[sw-l] SW system type... alphabetic vs. others ( pictographic, ideographic

Charles Butler chazzer3332000 at YAHOO.COM
Tue Jun 21 14:26:54 UTC 2005

I agree with you, Ingvild, Even the title of IMWA
underlines this.  It's the International Movement
Writing Alphabet.  It is an ordered system of symbols
(which is what an alphabet is).  The symbols are
ideograms, of a sort, but the fact that they are
ordered, systematized, and interchangeable, makes them
an alphabet.  I can take a movement and attach every
handshape to it (within reason), that makes it very
much a "phonetic" system, substitution works to show
that movement is a distinct symbol from handshape.

--- Ingvild Roald <ingvild.roald at STATPED.NO> wrote:

> I would not use the term 'pictographic'. Mostly for
> 'political' reasons:
> we want Deaf and Hearing people alike to respect the
> Signed Languages, in
> theri written as well as in their signed forms, as
> languages on the same
> level as any other languages. We don refer to
> Chinese characters as
> 'pictograms', even if they, as far as I understrand,
> often do contain a
> pictographic symbolic representation of the concept
> they symbolise. - I
> personally would prefer to call the writing
> 'alphabetic', for the reasons
> Thomas gave as well as the 'political' reason. If
> that is not
> scientifically possible, I would prefer the
> sugggested 'ideogrammatical' -
> which contains the idea, the grammar, and is
> basically unknown to most
> people anyway.
> Ingvild (not a linguist)
> sw-l at majordomo.valenciacc.edu writes:
> >Tomá¹ Klapka wrote:
> >
> >>
> >> People always tell me that it is pictographic,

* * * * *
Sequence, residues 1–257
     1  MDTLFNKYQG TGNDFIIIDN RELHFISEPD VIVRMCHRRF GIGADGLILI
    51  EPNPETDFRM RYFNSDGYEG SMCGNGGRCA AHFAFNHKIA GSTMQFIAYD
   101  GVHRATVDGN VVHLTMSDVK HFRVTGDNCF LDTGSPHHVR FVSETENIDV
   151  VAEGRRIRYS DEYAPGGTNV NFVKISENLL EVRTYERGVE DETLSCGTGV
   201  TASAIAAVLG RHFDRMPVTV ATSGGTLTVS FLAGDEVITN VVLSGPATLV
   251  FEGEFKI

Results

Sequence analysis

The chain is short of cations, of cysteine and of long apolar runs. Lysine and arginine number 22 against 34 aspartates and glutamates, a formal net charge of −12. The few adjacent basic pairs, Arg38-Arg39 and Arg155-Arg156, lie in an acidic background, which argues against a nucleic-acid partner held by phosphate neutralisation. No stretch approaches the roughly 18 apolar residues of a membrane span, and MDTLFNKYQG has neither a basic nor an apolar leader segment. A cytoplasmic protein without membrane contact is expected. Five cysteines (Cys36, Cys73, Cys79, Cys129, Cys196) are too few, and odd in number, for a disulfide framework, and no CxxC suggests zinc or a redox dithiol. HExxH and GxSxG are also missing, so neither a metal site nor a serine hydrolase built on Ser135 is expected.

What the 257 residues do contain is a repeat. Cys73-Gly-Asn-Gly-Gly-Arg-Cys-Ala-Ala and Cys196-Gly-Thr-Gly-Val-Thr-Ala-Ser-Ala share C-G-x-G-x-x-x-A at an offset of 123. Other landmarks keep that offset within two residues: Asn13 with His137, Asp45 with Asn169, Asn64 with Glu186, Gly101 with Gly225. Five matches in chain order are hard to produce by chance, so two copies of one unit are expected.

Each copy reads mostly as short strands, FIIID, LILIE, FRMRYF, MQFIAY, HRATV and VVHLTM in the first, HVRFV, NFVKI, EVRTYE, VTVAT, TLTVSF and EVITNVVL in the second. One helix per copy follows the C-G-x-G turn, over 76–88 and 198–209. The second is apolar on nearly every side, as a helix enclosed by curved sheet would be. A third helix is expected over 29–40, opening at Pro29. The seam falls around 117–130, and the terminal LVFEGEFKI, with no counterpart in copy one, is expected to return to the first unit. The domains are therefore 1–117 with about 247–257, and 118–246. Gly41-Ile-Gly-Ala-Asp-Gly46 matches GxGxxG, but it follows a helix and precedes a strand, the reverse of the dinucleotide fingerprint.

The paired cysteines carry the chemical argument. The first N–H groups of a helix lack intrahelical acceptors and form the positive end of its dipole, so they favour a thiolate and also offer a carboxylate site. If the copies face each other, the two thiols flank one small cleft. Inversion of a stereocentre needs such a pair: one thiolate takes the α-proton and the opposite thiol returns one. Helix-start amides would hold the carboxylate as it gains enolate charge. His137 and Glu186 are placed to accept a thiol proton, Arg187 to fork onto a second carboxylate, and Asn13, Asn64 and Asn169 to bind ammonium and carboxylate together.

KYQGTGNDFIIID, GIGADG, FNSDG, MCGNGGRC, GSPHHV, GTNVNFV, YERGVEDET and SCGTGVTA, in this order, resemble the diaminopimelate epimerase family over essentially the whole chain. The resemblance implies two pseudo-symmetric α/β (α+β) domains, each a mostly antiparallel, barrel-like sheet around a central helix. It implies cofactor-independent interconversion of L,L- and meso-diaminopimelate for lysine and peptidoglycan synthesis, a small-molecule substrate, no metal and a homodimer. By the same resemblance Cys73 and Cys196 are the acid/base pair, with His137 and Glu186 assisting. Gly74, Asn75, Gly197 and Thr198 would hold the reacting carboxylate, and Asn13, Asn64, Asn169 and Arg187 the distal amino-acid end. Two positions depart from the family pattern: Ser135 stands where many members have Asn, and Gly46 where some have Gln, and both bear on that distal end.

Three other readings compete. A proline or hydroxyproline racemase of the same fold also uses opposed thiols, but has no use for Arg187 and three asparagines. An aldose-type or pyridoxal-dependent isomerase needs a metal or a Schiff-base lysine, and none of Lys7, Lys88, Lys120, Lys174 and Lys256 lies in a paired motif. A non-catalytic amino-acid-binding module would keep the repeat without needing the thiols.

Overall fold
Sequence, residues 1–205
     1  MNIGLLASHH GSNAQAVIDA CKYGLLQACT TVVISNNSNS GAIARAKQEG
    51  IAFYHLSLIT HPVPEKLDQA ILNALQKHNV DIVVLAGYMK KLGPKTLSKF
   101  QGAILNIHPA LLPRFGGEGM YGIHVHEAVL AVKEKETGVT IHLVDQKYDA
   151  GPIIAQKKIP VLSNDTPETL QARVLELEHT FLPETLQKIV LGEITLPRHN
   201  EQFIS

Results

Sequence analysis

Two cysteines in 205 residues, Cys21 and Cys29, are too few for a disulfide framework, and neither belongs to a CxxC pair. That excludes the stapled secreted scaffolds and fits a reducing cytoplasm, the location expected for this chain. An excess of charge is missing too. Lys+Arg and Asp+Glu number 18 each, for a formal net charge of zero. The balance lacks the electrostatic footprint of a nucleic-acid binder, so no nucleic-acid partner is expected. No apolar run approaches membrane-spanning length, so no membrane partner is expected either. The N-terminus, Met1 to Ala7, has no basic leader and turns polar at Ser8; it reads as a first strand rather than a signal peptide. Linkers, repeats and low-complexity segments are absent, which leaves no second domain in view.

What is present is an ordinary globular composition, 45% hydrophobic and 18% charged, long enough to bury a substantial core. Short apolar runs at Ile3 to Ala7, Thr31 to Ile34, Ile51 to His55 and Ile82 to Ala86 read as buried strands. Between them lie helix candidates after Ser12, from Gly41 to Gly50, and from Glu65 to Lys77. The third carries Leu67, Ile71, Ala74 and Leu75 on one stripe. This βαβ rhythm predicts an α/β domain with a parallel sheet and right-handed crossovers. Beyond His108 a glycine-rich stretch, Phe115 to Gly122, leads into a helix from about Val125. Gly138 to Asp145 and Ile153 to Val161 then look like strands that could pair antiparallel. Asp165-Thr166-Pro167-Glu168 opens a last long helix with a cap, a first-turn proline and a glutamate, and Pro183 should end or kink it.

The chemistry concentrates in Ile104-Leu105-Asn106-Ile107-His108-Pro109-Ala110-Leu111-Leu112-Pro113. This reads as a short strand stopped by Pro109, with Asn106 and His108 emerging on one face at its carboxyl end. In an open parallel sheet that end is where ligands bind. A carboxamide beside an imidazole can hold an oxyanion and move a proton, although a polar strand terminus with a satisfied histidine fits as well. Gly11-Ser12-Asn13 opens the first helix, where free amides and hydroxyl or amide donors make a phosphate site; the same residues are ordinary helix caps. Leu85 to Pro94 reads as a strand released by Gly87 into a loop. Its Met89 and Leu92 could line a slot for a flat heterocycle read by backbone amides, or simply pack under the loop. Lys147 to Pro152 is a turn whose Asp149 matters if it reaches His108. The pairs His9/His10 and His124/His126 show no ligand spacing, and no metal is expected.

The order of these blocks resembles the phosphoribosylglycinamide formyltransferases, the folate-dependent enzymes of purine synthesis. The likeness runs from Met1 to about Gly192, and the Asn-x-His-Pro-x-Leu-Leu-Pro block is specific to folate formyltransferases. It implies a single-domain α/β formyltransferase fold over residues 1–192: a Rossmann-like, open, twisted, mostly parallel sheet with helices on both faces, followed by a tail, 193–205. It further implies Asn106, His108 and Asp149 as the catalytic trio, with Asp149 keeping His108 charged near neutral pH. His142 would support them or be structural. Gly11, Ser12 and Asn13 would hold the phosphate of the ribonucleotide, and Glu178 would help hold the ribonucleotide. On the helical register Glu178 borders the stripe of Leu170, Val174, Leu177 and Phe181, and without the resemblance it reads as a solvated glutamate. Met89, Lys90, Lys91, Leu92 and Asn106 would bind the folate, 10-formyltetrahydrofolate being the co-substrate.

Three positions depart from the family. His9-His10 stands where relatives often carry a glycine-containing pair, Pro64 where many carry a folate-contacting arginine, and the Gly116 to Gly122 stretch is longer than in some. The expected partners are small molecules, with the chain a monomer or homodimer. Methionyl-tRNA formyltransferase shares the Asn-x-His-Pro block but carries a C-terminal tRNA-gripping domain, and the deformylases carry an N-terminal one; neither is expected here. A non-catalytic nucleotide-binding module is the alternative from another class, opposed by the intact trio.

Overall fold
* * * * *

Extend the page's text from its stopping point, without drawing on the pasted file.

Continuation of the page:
> ideographic or ...
> >>
> >...
> >
> >>
> >> So it must be alphabetic.
> >> Is it right?
> >
> >It depends on how you define alphabetic,
> pictographic &c
> >
> >For oral languages, as well as the idea of an
> "alphabet" which has
> >vowels and consonants, there's the idea of a
> "betagam" which has
> >consonants only - usually used in Semitic
> langauages where vowels are
> >represented only as optional diacritics. The idea
> of vowels and
> >consonants don't apply in SignWriting, so I'd
> suggest not using the term
> >"alphabet" when talking about SignWriting - it's
> one of those things
> >where signed and spoken languages part ways.
> >
> >"Pictographic" refers to a writing system where the
> written words are
> >simple pictures of the referents. But in
> SignWriting the written words
> >are _not_ pictures of the referents, they're
> pictures of the signs
> >themselves.
> >
> >The nearest thing to this we have in oral languages
> is the linguists'
> >"vowel diagram" which shows a picture of the inside
> of the mouth and
> >where the vowel is pronounced. I would suggest
> referring to this, and
> >therefore to SignWriting also, as a "diagrammatic"
> writing system - the
> >writing system diagrams the actual execution of the
> language.
> >
> >Mundbildschrift could be thought of as a
> diagrammatic writing system for
> >oral languages and for one channel of signed
> languages.
> >
> >Sandy
> >
> >

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